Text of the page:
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Future Fairy Tales: Goldilocks

"In the future, fairy tales are going to get weird - here's a little preview."
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Published 6 years ago
Once upon a time in a land not so far away there lived a beautiful little girl. And her eyes were sometimes blue and sometimes green, but her hair was always golden, and her friends (of which there were very many) called her Goldilocks. And Goldilocks was sweet and kind and always did the best she could, and she smiled often, because she loved her life. But her parents wished she was smarter and worked harder at school – they loved their daughter, but they knew there’s always room for improvement.

Every day, Goldilocks would put on her favourite red jacket and skip down the way to her grandmother’s house, picking flowers along the way. And the two would talk and laugh and bake cookies and play silly games until it got late. And then her grandmother would hug her and warn her to be careful and send her home with love and cookies for the family, and if she was doing well that day she would walk Goldilocks home, because she loved her more than anything and wanted to make sure she was safe.

One day Goldilocks was coming back from her grandmother’s house, alone, because it was not a good day for her grandmother. And Goldilocks was skipping across the street with her basket of cookies, when she was hit by a car. It was a very nice and expensive car, and the driver had been going very fast indeed. When he saw that Goldilocks was hurt, and that people were coming over to see what had happened, he drove off even faster, before anyone could identify him and make trouble.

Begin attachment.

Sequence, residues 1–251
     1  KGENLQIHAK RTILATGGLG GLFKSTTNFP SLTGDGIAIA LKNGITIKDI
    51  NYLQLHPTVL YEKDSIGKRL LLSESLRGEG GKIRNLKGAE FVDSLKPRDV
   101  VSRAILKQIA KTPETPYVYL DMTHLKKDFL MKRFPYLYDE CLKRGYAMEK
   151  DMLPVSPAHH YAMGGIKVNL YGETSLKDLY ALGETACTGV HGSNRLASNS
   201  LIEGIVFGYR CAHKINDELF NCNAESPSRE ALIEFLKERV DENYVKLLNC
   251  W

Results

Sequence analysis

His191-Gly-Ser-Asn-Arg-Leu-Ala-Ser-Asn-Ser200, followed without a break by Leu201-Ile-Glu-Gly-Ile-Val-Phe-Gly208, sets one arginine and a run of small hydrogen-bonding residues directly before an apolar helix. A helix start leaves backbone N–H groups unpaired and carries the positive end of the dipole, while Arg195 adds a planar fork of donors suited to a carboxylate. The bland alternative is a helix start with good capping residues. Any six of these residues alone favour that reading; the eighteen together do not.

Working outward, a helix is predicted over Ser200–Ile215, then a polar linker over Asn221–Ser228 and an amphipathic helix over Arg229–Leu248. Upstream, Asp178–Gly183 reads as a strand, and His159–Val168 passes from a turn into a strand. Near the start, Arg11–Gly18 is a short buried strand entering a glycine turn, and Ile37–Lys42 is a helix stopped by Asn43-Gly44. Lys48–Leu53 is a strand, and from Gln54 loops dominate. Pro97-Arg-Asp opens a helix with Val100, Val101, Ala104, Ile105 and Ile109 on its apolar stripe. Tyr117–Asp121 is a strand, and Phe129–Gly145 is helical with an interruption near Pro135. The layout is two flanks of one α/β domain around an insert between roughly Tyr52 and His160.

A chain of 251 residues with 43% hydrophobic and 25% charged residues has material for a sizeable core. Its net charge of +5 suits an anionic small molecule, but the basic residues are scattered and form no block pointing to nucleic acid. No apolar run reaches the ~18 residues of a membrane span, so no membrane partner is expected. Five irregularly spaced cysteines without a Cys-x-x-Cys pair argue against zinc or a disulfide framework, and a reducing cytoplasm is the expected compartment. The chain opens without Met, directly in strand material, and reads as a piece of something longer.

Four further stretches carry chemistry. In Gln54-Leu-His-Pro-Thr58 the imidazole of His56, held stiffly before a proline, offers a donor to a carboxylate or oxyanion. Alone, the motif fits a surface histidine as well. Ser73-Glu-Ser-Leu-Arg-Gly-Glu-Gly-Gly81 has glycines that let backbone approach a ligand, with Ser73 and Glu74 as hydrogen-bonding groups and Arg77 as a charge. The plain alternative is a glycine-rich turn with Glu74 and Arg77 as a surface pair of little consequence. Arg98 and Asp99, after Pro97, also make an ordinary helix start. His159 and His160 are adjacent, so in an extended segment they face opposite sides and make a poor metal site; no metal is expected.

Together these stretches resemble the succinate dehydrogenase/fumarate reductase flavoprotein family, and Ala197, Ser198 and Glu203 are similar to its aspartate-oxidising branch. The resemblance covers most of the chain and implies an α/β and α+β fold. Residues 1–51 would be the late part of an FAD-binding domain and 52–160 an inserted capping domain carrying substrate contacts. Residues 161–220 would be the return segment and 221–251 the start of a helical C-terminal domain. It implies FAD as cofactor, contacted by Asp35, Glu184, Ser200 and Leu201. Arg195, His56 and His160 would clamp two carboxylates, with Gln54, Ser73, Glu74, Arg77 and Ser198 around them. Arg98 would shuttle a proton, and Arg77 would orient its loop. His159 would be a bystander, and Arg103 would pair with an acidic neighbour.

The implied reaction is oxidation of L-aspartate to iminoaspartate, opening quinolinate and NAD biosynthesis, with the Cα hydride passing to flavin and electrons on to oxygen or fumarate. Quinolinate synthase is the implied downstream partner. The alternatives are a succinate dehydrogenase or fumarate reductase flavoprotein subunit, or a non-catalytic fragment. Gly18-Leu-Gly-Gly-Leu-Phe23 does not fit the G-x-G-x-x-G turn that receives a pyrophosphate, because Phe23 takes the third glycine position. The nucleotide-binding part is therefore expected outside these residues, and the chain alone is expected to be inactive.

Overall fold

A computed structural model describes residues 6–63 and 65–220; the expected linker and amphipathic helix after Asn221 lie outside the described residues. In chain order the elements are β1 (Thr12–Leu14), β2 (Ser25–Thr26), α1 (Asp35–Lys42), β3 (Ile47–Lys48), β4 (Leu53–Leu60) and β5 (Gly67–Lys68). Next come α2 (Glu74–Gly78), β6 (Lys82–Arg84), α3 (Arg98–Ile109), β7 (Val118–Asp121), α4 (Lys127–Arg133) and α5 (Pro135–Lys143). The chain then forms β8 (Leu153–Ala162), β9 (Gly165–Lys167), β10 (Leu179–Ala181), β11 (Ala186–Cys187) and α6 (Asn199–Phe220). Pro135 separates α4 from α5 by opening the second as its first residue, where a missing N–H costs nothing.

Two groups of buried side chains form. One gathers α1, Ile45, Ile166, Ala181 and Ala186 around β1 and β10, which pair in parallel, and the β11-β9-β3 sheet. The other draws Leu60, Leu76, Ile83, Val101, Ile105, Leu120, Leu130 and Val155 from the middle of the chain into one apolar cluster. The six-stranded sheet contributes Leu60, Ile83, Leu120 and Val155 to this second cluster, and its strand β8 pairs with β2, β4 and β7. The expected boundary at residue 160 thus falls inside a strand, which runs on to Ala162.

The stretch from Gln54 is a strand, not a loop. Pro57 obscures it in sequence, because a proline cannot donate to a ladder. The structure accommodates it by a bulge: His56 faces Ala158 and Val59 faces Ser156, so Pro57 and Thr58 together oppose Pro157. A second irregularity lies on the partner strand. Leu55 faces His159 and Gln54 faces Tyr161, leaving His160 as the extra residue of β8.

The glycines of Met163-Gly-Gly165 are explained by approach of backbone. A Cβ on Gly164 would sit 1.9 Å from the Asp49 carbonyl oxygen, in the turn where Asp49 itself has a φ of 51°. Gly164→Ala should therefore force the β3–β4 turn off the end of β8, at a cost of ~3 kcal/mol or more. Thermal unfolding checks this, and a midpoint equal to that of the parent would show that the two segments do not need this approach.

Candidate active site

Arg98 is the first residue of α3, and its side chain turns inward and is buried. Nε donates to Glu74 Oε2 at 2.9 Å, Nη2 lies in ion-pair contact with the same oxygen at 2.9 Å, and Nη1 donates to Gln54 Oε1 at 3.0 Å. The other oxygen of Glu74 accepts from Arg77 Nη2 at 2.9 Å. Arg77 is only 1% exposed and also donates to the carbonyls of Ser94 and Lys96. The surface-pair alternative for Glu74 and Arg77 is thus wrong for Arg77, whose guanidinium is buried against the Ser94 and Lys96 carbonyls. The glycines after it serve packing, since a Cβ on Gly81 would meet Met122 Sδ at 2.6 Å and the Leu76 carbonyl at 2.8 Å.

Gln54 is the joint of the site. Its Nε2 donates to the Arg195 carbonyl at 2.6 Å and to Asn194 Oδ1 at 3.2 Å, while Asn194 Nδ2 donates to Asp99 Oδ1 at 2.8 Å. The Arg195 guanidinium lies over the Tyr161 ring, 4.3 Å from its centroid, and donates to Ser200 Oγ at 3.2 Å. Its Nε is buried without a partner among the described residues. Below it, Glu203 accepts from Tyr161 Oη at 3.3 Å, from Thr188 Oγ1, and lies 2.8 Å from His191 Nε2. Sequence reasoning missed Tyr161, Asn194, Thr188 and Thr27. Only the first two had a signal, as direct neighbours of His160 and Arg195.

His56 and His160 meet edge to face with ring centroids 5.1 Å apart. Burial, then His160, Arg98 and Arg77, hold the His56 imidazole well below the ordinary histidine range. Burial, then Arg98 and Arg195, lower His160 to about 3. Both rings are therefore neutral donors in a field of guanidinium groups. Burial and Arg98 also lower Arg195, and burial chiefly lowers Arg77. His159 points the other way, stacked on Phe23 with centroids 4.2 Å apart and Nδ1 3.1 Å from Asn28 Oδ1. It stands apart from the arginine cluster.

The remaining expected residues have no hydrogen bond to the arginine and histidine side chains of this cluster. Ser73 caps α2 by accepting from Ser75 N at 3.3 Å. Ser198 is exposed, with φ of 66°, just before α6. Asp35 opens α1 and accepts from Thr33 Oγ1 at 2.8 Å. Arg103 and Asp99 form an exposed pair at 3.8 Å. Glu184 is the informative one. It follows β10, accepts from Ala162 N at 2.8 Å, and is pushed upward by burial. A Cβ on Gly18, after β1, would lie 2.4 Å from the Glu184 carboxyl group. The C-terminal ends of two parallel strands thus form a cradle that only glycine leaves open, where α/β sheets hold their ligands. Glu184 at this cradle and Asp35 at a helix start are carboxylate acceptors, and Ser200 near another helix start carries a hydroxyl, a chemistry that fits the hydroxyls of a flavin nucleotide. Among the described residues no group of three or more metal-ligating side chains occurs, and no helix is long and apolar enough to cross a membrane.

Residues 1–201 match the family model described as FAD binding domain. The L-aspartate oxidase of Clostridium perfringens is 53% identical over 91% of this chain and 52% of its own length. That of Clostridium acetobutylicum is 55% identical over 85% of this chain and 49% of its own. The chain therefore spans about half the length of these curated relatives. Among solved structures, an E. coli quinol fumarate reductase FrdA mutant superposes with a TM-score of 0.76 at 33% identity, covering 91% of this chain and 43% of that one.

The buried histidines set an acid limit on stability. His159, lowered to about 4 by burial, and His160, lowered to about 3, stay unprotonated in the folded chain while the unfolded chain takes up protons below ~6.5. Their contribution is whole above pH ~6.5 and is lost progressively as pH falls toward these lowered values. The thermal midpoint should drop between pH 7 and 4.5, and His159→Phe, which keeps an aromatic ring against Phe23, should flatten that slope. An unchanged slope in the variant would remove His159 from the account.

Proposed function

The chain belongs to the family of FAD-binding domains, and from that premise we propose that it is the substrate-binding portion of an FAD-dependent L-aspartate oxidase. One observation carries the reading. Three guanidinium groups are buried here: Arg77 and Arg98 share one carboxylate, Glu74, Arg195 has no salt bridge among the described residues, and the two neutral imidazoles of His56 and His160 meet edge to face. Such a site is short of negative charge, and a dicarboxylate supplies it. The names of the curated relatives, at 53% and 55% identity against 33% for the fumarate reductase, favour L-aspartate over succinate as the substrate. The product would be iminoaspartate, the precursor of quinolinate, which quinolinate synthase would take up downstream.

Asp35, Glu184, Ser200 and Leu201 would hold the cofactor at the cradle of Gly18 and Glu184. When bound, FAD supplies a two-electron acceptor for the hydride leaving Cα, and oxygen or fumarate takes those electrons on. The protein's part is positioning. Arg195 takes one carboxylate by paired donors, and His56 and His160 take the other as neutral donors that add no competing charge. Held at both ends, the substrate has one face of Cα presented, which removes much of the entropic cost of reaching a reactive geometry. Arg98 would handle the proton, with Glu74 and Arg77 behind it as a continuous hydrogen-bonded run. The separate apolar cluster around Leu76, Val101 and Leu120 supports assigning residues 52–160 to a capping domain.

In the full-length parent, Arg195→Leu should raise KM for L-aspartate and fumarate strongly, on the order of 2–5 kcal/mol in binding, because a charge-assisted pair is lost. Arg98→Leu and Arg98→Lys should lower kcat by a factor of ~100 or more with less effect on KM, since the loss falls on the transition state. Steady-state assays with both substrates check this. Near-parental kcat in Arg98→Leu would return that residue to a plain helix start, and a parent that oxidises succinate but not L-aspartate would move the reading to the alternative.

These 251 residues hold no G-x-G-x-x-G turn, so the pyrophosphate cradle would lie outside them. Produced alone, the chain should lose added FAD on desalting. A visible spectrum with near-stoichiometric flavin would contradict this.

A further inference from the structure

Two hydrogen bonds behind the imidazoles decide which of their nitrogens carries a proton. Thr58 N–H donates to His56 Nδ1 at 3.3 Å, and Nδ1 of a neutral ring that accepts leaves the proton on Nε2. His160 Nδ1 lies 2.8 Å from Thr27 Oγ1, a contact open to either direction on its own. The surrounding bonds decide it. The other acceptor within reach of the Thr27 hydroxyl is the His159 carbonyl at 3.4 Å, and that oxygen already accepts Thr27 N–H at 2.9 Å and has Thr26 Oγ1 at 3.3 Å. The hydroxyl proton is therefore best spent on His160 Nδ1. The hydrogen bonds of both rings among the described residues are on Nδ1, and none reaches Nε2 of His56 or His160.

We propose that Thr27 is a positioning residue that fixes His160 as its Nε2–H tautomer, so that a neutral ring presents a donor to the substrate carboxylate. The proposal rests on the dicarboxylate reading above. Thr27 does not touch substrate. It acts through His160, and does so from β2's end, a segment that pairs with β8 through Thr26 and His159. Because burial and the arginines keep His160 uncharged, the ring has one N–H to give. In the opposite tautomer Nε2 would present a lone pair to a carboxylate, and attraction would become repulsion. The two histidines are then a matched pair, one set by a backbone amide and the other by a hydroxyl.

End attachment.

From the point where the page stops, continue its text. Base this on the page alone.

A crowd gathered around Goldilocks, and they asked her how she was feeling, but all she felt was pain, and she couldn’t move her lips to answer them. And someone called the ambulance, and the doctors came and did some scans and identified her parents and called them, and they came down to see Goldilocks lying so still, and they were very unhappy.

And Goldilocks’ mother cried and asked the doctor what would happen to her daughter.

“Well, she’s pretty far gone,” he said, chewing his lower lip. “We could fix her up, but it would take a long time and it would be pretty expensive.”

“Well, she’s our only daughter,” said Goldilocks’ mother. “And we love her very much. But do we have any cheaper options?”

“Of course you do,” said the doctor. “Actually it’d probably be less bother just to clone her. Get some DNA, stick it in a growth vat, copy this one’s brain patterns, and you could have her back to normal in a couple weeks.”

“Only normal?” Goldilocks’ father asked.

“Well,” said the medicine man, “she can be improved, if you’d like. We can make her a bit stronger, say, or smarter, or more risk-averse, so you don’t have to go through this tragedy ever again.”

“Yes,” Goldilocks’ mother said. “That will do very nicely. Thank you.”

And she and her husband took one last look at their daughter, and walked off arm-in-arm, back home to enjoy their dinner. And Goldilocks heard all this, but she couldn’t even scream or shout or argue, and the tears wouldn’t come through the pain.

The old Goldilocks spent three weeks in hospital, and the doctors scanned her and analyzed her and probed her and used everything they found out to help make the new Goldilocks better. And when the three weeks were up, the new Goldilocks went to live with her parents, and the old one was quietly put to sleep.

And Goldilocks’ parents love their daughter now more than ever. And their new daughter is even prettier than she was before, and she does much better at school. But Goldilocks smiles much less now, and she doesn’t skip or laugh, or bring flowers to her grandmother.

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